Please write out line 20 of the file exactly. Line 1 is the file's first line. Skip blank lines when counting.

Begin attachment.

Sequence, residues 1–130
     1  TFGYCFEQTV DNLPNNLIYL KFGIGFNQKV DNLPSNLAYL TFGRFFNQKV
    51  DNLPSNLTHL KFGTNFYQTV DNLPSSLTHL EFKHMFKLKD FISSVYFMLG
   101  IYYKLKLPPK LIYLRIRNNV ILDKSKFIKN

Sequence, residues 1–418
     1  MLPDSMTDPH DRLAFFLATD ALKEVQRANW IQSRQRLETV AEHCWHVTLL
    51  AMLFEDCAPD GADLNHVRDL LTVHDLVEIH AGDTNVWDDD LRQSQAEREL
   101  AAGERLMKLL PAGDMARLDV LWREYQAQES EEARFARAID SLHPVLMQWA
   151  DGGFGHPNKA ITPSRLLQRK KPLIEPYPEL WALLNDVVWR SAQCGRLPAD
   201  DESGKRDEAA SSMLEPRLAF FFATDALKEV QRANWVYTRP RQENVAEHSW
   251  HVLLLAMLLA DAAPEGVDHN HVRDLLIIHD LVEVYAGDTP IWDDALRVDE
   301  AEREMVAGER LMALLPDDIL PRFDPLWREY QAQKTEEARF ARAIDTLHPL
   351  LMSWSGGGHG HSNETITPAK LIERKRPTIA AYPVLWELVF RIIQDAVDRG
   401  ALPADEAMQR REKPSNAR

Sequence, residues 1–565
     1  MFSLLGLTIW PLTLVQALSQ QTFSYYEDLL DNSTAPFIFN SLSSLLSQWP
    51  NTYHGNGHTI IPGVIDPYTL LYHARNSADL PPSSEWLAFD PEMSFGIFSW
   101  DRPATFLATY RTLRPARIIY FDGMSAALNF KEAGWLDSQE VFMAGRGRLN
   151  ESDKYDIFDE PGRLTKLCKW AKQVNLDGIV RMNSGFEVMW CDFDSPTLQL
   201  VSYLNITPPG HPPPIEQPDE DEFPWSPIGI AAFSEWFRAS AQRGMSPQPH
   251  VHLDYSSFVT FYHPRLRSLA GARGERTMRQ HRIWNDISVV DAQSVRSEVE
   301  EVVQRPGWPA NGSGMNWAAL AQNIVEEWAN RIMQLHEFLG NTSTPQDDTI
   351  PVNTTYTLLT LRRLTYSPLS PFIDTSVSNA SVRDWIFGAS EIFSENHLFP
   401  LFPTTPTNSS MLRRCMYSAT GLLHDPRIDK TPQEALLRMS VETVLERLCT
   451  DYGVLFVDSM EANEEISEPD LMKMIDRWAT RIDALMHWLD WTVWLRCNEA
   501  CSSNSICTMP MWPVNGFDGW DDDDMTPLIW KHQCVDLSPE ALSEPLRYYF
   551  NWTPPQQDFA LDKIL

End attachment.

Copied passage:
   201  VSYLNITPPG HPPPIEQPDE DEFPWSPIGI AAFSEWFRAS AQRGMSPQPH